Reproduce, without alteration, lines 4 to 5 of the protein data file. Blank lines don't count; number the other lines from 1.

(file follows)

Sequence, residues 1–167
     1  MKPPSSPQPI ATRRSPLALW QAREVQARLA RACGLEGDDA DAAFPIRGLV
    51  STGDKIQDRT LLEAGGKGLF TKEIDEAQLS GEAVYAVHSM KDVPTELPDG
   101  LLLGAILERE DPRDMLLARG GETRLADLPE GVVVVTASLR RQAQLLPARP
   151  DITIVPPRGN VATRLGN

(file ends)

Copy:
   101  LLLGAILERE DPRDMLLARG GETRLADLPE GVVVVTASLR RQAQLLPARP
   151  DITIVPPRGN VATRLGN